Mmmmmm.....hockey pucks.

I didn't have much opinion of President Ford one way or another, until one night when I saw his press secretary Ron Nessen hosting Saturday Night Live. It included a brief clip of President Ford, looking at the camera, and delivering Chevy Chase's signature line:

"Hello. I'm Gerald Ford, and you're not."

And keep in mind, this was in 1976, while he was =in office=. A sitting president, appearing on SNL. From then on, I've had a tender place in my heart for him, even though he pardoned That Man.

"...and I stabilized somewhat."

And people say I do not restrain myself.

"And people say I do not restrain myself."

Imo, speech in Portland is over-restrained and under-candid".

Your candor is one of the reasons we love you guys.

As world-famous and as celebrated as Springsteen is, I still can't help but think of the guy as under appreciated.

I won't debate hamburgers -- too subjective. But no hockey puck would have pardoned Richard Nixon.

I love it when the news reports say Gerald Ford helped us after we were traumatized by Watergate. Traumatized? I thought losing Nixon was one of best feelings ever. The entire nation was plunged into a political action thriller and it was spectacular fun to follow. Watergate showed our system working to perfection, and that was immensely comforting. Of course, back then we had a 4th Estate that was on the case, instead of the corporate pawns we have now.

The time I helped wait on Gerald Ford in Portland he seemed to be a good guy - a bear-like presence. I do remember President Johnson's comment that he had played too much football without his helmet on. I believe that quality might have been why he was selected to be on the Warren Commission: A basically decent man who could be pushed around if need be. Let's also not forget that he gave us Rumsfeld and Cheney, promoting them from minor players to stars.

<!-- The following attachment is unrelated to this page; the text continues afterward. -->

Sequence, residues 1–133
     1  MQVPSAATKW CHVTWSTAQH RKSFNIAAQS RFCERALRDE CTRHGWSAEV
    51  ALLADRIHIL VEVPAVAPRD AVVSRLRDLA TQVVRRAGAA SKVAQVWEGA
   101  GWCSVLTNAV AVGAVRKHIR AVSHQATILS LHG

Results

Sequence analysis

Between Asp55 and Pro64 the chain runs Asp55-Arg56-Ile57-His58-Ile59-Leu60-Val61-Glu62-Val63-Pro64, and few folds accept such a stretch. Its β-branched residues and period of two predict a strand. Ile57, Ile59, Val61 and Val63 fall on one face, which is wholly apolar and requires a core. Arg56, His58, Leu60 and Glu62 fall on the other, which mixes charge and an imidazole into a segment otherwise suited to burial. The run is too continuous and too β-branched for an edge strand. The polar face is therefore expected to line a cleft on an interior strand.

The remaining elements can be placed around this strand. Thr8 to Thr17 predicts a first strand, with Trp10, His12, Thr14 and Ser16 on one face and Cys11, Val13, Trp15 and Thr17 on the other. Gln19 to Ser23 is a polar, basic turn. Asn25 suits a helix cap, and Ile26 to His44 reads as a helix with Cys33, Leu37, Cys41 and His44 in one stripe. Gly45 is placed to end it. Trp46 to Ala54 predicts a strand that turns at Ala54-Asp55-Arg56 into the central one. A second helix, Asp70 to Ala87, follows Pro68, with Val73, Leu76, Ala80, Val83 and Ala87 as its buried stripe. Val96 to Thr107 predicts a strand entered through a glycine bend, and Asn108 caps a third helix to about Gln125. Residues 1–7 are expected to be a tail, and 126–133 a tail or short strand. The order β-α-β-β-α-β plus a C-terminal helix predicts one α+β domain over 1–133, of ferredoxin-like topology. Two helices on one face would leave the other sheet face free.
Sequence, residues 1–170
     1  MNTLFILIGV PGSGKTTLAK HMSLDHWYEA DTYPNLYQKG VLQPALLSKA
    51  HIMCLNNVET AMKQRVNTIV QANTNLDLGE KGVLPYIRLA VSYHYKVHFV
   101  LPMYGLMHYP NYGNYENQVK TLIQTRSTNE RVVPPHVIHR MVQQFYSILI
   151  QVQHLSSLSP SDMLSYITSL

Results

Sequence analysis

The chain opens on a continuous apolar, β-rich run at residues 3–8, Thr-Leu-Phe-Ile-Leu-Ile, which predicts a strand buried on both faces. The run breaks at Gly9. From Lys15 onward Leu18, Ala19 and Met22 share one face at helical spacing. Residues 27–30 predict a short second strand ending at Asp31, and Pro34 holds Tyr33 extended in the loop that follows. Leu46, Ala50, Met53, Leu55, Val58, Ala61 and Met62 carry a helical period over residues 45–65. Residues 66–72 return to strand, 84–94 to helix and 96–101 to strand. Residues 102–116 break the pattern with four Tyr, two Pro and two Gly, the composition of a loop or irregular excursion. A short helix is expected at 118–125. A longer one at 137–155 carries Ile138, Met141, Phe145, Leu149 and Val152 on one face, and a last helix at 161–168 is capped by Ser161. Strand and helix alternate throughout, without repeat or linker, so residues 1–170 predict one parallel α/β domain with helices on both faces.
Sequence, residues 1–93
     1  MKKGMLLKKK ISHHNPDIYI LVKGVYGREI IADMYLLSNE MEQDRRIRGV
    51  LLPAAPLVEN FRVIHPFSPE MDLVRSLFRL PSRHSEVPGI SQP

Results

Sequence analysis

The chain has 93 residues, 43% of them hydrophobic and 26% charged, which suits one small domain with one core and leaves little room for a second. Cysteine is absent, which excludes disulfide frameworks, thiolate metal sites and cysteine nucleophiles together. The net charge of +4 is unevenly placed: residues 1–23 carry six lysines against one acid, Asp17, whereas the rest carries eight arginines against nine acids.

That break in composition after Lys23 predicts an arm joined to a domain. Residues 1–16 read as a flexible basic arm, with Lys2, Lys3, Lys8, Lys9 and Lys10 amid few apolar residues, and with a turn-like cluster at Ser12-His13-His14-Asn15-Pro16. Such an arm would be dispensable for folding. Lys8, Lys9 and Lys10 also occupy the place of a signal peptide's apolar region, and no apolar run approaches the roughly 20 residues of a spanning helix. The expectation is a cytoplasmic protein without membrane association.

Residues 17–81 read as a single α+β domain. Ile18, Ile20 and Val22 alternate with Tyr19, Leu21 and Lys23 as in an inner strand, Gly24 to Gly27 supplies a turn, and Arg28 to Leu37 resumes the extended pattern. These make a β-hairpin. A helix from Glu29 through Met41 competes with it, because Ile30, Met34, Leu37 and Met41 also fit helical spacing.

The next week will feature many gushing comments about this wonderful Republican President, so I hope we factor in Richard Nixon - the Republican crook who made Ford possible. Of course, even Nixon looks great compared to our current President. President Bush also screwed up the one distinction Gerald Ford had over every other President. Until George Bush came along, Gerald Ford was the only President who wasn't elected.

Make that the only one who served as Vice President and President without being elected. Bush served as Vice President under Dick Cheney.

I will never forget my mother jumping up and down and yelling "yippee!" when Nixon gave his resignation speech while my grandparents (Goldwater Republicans visiting from AZ) looked on dourly. I tried to make Mom take it down a notch but she wasn't having it. My next big Ford memory is seeing him at the Memorial Coliseum for that youth rally they keep mentioning on the news. I was invited by a Republican classmate in H.S. and thought what the heck, why not go. Ford was quite nice but not very memorable. I think he knew he was in trouble. Does anyone remember that 1) he was not elected (yes, like Bush the 2nd) and that his VP was Nelson Rockefeller, also not elected? And I still have my "win" button! "Whip inflation now."

So how much of the clutz thing was real vs SNL? I mean the guy was a starter on 2 National Championship football teams and reportedly was a very good golfer.

During his time in the White House, I believe he took a number of highly publicized falls.

He was also one of the few Presidential skiers. He used Burt ski bindings, which released when you fell (which he did much more than Arnold, but never as hard) and then re-attached to the skis with a couple of cables. So even though he fell often as he skied, he never had to put his skis back into the bindings.

And he also never blamed his falls on his Secret Service agents who skied near him.